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1/ I think that information transparency is one of the most important things we can provide during the #COVID19 outbreak.

To help, I am going to share where "experts" are getting some of the big numbers/data so that people can go read it for themselves.
2/ The first big numbers are the 81/14/5.
81% of cases are MILD
14% are SEVERE

The other big number: 2.3% case fatality rate

These numbers are from the Chinese CDC. They were published in @JAMA_current Feb 24th. They are available here:…
3/ Some of these %ages are likely OVERESTIMATES. This is because we are less likely to catch MILD or asymptomatic cases early in an epidemic. So, rather than 5/100 (5%) being critical, it may actually be 5/200 or 5/2000-- we just don't fully know yet.
4/ The same holds true for the Case Fatality Rate (CFR) of 2.3%. Rather than 2.3 deaths per 100 patients that contract #COVID19, it may be 2.3 per 200 or 2.3 per 2000-- we just don't know yet, but we have lots of reason to believe it is less than 2.3%.
5/ This study is also where the higher CFRs in the elderly & those w/ comorbidities comes from. Those who were:
-70-79 years of age had a CFR of 8%
-older than 80 had a CFR of 14.8%.
-diabetes, COPD, heart disease had CFR b/w 6-10%

Again, likely over-estimates for same reasons
6/ Important studies on ASYMPTOMATIC carriers-- you have #COVID19; you don't have symptoms.

This @NEJM study showed this in German travelers who screened negative by symptoms, but 2 had positive PCR tests by throat swab.…
7/ Expanding on this, these studies showed that you indeed can still *spread* it without any symptoms at all
- @JAMA_current study showed this in a family in China…
-@NEJM paper showed this in a Chinese businesswoman visiting Germany…
8/ As doctors, concerning to us is the level of needs in hospitalized patients + rapid spread w/in the hospital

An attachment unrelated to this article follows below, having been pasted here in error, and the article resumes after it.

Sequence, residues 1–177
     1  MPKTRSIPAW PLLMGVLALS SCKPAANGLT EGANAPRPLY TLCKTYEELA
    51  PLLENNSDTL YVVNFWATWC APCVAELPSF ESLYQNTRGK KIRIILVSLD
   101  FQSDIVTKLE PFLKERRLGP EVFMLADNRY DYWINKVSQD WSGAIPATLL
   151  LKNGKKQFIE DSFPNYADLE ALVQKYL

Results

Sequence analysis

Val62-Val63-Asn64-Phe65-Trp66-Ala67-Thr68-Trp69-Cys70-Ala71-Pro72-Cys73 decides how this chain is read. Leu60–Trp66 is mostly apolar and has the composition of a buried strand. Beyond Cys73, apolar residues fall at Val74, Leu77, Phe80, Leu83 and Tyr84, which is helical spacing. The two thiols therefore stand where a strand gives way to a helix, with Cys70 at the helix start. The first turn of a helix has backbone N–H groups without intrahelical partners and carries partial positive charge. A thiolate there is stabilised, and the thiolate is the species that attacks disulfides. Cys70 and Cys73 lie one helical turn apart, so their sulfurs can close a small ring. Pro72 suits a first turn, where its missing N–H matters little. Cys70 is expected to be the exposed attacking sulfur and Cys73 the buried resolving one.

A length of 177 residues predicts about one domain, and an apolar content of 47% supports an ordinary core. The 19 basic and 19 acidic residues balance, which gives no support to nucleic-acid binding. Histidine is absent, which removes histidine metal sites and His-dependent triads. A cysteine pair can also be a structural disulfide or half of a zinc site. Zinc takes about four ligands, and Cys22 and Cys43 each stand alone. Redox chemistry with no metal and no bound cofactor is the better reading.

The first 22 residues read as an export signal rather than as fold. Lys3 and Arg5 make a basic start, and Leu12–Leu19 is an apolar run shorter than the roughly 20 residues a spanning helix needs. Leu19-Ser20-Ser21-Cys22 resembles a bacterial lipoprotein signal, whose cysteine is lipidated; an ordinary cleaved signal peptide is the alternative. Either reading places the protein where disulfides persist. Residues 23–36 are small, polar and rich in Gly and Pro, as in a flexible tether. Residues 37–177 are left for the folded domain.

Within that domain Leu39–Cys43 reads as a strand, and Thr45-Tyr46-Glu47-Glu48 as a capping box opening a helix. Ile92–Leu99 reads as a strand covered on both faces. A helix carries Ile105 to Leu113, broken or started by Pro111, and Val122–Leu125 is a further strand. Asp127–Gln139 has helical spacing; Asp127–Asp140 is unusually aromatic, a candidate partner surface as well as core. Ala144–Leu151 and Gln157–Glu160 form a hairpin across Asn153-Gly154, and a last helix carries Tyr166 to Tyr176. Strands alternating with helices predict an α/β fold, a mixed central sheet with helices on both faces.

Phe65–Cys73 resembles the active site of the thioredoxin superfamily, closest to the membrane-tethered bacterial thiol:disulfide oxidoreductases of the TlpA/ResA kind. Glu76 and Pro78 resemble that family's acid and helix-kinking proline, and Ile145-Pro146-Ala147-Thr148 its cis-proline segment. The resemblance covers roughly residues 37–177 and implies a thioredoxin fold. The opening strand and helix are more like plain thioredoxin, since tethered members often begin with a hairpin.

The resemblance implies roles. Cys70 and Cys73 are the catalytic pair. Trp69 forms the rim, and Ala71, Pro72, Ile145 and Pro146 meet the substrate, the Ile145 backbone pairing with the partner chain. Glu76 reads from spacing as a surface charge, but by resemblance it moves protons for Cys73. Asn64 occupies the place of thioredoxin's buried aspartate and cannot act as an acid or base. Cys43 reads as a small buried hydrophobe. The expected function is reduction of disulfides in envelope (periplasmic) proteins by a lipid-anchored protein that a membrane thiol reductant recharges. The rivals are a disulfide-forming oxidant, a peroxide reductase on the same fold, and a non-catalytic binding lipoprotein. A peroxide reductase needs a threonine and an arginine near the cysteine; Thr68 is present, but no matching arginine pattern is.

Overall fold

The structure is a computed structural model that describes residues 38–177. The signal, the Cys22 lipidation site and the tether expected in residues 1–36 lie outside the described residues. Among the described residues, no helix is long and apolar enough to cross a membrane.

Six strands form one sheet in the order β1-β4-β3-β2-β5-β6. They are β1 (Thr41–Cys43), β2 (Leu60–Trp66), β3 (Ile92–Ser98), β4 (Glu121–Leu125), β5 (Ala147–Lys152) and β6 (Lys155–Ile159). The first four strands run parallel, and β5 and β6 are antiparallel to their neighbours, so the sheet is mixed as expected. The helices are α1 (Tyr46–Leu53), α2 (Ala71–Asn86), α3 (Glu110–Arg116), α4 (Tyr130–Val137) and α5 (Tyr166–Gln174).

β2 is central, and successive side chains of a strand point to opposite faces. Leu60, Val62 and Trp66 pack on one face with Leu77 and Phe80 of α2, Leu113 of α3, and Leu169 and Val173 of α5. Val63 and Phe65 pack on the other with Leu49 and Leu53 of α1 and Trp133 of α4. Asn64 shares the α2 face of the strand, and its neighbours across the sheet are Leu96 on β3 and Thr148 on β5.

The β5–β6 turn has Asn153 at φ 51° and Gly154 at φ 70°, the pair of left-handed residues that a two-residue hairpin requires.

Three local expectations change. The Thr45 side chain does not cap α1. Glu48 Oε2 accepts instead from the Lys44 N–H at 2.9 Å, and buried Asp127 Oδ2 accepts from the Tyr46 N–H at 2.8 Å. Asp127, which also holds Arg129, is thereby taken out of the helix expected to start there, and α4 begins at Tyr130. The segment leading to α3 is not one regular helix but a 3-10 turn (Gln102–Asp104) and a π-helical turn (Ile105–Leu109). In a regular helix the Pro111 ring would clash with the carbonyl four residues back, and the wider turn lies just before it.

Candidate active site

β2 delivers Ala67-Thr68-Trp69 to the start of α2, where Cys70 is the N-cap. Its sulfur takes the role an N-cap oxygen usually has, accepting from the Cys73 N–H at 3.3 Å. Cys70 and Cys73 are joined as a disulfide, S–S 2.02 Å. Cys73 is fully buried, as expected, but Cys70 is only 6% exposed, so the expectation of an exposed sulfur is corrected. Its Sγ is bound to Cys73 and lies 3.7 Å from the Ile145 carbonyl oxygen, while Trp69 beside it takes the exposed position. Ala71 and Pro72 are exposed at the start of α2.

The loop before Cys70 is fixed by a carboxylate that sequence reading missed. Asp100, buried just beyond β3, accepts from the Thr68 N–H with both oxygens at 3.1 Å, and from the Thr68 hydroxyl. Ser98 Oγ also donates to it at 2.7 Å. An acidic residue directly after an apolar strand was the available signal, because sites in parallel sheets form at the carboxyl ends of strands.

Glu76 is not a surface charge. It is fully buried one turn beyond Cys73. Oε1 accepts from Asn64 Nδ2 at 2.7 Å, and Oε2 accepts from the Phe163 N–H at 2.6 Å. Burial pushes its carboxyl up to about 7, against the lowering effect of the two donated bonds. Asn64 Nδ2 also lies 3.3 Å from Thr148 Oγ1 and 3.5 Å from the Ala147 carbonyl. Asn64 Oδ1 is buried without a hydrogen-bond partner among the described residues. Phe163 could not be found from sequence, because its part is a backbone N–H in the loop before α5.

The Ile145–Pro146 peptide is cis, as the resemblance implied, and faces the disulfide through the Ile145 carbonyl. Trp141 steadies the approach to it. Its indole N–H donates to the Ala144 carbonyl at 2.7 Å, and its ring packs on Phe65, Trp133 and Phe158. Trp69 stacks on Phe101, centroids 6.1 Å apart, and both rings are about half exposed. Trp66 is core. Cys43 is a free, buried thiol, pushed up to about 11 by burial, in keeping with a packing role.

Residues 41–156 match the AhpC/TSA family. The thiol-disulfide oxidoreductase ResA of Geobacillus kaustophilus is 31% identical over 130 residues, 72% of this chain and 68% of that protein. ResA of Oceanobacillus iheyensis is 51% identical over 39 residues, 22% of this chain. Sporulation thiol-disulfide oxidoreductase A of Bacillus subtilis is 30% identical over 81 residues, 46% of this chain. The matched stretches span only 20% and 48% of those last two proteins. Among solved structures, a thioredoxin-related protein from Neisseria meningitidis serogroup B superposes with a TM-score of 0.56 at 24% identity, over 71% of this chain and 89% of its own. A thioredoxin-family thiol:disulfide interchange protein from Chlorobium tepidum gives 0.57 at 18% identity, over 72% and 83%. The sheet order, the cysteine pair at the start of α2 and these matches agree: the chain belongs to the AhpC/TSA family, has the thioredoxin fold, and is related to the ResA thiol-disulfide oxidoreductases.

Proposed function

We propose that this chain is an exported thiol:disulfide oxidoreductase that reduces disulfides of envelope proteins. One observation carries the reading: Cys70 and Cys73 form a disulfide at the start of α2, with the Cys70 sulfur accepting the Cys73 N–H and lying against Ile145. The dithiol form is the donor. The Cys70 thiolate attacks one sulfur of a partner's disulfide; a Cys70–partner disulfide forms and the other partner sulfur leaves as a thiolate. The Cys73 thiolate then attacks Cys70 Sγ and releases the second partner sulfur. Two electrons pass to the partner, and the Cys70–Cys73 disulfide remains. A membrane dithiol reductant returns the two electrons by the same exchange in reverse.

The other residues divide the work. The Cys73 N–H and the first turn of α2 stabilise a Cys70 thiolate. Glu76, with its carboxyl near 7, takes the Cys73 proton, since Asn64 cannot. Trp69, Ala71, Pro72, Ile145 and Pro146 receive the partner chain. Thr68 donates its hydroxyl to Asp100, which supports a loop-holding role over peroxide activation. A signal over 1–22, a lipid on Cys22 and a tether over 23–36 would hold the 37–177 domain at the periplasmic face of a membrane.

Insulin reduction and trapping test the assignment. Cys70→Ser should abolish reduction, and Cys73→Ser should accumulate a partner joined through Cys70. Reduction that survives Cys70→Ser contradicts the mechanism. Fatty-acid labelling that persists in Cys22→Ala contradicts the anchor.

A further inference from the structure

-This @JAMA_current study 138 hospitalized patients showed that 26% needed the ICU. They were older & had co-morbidities.
-Nearly half of ICU required ventilators.
@JAMA_current 9/ 57 out of the 138 patients were already in hospital; 40 were healthcare workers.
This @NEJM study even larger- 1099 hospitalized patients. 5% required the ICU. The CFR= 1.4%. Surprisingly only 43% had fever on admission…
10/ Also, questions of who is infectious, how infectious, and for how long? We know from this
@NEJM paper that asymptomatic patients can have quite high viral loads; & these are highest early on.…
11/ And this @JAMA_current paper showed that the rt-PCR can actually remain positive for quite a while afterwards- sometimes even after 2 negative rt-PCRs. This doesn't *necessarily* mean you have active infection or that you're still contagious to others…
12/ Ah and one more-- the R0 (average # of people 1 infected person will spread the disease to). Early on, this came from
paper on transmission dynamics. -They estimated R0 = 2.2. -They estimated a doubling time of 7.4 days. The paper is here:…
13/I share these to say: The data is out there. It is publicly available. You should go read it. If you don't understand it, there are many people happy to help you. We all have different interpretations of what is most important from these papers. Many more are coming out daily.
14/ There are a lot of "experts" claiming a lot of things. What I will say is *go to the data*. The data is what you can trust. Everything else is what people are interpreting/hoping/fearing. Even this thread is my interpretations of these studies. But the links are there for you
15/ Link to thoughts from yesterday on why young, healthy people w/ mild symptoms should avoid emergency rooms. This will help contain epidemic growth, and minimize spread to the elderly & vulnerable. Read thread-->
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